No genre endures more disparagement than reality television. Detractors claim it’s empty, stupid, even corrosive to society. This point of view is so pervasive that Lucas Mann begins “Captive Audience,” his new book about reality television, with a confession: “The genre means a lot to us, to me. I’ve never expressed that sentiment with even a gesture toward sincerity, because it’s embarrassing. But I think I mean it. Sincerely. At least for now I do.”
Despite this conditional admission, “Captive Audience” is a multifaceted defense, part scholarship, part memoir. Mann mobilizes the work of critics such as Roland Barthes to add academic rigor to his project, and he interviews TV editors and producers. Whether you adore or abhor reality television, you’ll come away from “Captive Audience” with a rich sense of what it is, how it is made and what it means.
Among the most interesting findings revealed by the experts is that for fans of reality TV, “neither voyeurism nor fantasy were chief motivations. . . . The main sensation was that of time passing imperceptibly, and the genre was most popular among those lacking in social interaction, hoping to find some background companionship as the time passed.” Mann follows up this research with anecdotal confirmation from his own experience. When he’s alone, reality television is there with him.
More important, it is also there when Mann is not alone. The beating heart of his book is an examination of reality TV’s role in Mann’s relationship with his wife. It is their shared obsession, and he recounts conversations, arguments and quiet moments that are born from it. Stranger still, he presents this in an epistolary form, writing not about her, but to her. It’s jarring at first, and then it’s surprisingly endearing.
The reality star who most interests Mann and his wife is NeNe Leakes on “The Real Housewives of Atlanta.” Introducing herself on the show, Leakes said, “If you just ask anybody about me, pssh, NeNe, she’s real fun.” Mann then zooms in on the dissonance between her generic expensive kitchen and her exuberant personal style. This tension, Mann explains, is what makes her “voraciously watchable.”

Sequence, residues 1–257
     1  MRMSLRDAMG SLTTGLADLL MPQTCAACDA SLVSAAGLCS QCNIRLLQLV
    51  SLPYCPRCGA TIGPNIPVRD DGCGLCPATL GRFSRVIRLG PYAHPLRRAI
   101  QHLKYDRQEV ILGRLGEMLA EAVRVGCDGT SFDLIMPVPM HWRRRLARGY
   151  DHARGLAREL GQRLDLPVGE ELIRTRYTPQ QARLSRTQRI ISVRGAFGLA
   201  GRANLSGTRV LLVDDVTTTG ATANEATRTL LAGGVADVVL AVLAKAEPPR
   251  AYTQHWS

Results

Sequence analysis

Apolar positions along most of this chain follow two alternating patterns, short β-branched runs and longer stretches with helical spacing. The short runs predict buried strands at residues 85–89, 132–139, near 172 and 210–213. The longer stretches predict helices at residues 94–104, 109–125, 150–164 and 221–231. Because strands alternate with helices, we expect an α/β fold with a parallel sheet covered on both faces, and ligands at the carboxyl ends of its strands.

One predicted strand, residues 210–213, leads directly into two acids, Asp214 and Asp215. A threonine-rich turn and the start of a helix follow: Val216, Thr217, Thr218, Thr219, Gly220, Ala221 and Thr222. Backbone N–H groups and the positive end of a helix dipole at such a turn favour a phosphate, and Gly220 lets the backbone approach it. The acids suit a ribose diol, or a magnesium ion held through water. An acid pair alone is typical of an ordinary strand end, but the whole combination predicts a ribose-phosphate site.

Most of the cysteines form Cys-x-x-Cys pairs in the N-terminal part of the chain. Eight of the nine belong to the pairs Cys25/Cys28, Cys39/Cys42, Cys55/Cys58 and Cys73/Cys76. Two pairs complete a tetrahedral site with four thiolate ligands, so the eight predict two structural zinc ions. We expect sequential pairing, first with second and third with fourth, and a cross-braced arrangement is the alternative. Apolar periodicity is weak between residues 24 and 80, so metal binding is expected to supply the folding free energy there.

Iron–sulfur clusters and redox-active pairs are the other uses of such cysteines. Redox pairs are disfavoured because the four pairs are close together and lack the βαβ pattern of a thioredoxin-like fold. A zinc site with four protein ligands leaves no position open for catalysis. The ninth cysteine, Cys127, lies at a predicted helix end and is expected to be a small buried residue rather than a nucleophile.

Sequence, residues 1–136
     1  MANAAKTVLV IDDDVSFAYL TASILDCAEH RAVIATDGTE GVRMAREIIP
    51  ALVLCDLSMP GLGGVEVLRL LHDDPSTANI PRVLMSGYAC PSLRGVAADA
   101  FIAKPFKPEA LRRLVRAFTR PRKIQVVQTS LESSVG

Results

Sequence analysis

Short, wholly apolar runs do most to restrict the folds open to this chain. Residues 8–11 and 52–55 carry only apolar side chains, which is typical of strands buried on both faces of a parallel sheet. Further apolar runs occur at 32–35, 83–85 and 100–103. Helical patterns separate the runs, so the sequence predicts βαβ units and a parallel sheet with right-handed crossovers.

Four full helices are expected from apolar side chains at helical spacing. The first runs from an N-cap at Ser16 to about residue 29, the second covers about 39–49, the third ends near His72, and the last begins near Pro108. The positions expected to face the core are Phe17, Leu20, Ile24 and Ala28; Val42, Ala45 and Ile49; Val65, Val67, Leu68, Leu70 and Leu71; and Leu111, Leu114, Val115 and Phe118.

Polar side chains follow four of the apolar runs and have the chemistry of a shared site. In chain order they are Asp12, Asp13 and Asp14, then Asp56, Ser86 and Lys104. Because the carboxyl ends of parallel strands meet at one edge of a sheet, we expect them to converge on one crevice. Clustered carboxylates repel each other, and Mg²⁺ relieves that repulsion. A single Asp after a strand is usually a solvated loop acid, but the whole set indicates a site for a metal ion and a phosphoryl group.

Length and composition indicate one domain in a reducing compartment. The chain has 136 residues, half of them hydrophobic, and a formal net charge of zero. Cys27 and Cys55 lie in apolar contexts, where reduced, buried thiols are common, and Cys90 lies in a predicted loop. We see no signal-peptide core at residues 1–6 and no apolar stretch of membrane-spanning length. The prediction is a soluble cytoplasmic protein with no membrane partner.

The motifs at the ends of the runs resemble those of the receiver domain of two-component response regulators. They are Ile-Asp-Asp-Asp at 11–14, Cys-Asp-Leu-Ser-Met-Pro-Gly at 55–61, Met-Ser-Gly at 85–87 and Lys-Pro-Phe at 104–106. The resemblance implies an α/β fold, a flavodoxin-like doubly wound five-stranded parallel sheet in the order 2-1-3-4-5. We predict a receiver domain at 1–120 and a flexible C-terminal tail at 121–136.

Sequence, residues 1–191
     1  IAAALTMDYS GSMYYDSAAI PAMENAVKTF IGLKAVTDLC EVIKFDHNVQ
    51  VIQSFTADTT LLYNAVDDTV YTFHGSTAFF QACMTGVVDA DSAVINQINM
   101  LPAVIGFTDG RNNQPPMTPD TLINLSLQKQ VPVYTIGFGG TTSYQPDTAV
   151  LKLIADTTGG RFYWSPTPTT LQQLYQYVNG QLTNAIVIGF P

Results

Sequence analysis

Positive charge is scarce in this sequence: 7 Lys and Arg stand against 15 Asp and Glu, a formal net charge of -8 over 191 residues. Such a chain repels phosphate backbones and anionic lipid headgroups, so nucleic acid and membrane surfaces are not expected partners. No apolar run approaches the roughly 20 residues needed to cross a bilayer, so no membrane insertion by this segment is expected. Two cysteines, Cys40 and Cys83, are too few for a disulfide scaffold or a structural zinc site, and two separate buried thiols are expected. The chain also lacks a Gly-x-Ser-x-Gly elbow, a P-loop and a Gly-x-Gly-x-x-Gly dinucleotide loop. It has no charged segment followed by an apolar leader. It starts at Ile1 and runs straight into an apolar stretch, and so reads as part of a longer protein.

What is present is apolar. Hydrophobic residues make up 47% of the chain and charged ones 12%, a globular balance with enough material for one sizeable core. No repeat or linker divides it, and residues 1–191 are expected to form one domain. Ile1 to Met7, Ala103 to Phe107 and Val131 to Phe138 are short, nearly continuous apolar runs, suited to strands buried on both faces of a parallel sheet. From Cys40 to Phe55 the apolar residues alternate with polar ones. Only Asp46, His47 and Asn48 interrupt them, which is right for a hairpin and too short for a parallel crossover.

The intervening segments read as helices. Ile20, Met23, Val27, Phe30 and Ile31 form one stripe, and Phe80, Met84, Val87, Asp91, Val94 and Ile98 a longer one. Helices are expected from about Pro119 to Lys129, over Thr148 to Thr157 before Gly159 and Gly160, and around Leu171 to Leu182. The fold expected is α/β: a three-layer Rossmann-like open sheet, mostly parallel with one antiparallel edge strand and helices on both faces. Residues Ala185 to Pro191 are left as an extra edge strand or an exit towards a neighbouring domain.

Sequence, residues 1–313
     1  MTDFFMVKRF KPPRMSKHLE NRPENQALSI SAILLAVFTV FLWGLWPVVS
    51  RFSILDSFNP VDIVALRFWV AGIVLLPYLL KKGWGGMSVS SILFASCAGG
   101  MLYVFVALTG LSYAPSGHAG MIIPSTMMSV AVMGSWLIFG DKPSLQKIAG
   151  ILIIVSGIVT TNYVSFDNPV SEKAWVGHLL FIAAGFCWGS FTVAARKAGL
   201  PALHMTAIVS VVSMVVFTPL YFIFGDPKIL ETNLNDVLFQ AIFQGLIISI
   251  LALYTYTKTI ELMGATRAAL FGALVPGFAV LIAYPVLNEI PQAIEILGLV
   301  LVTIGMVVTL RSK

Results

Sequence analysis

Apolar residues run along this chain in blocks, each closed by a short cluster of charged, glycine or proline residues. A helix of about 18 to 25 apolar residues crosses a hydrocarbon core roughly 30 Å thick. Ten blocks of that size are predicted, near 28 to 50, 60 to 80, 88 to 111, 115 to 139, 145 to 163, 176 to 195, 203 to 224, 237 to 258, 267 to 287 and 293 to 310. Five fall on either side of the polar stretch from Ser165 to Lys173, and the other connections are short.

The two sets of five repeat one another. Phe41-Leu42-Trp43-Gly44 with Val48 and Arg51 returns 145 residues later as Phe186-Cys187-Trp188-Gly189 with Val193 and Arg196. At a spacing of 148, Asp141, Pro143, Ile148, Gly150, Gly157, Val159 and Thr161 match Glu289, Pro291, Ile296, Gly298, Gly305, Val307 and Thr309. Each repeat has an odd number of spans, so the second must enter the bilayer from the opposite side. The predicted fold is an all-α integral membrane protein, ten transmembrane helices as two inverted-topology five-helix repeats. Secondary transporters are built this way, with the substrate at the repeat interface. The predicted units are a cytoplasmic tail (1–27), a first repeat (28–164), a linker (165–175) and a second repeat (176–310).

Later in the book, he takes a step back and considers the process by which “The Real Housewives of Atlanta” and Leakes in particular made their way into his life. Andy Cohen is the steward of the “Housewives” franchise, and Mann expresses distaste for the way Cohen has staked his claim over Leakes and her talents. Then he admits his hypocrisy: He and his wife are a “straight white couple setting aside our Tuesday nights to giggle along to a gay white man’s self-proclaimed fantasy of black femininity, still finding joy in the way we parrot lines back to each other in voices that are not our own, all too happy to dub our stolen performances problematic as we continue.” Mann does not make an effort to justify their actions or explain them. He and his wife are simply participants in a strange, complex form of entertainment.
Mann’s conflicted confession reflects this medium.“Captive Audience” probes at what memoir and reality television share, but that subject is more interesting in practice than in theory. In the most striking passages, he describes watching his wife, both in her profession as an actress and in her leisure time on the couch. In one instance, she’s recovering from serious injuries sustained during a car accident: “I was in awe of you,” Mann writes, “even just the way you giggled at whatever we happened to be watching, wincing but still allowing yourself to giggle.”
He offers many similar passages, and each time they feel like the kind of statement one might not admit to a friend or partner but would say to a camera — as though he’s a survivor in a soundproof booth.
Bradley Babendir is a freelance writer in Boston.
By Lucas Mann
Vintage. 272 pp. Paperback, $16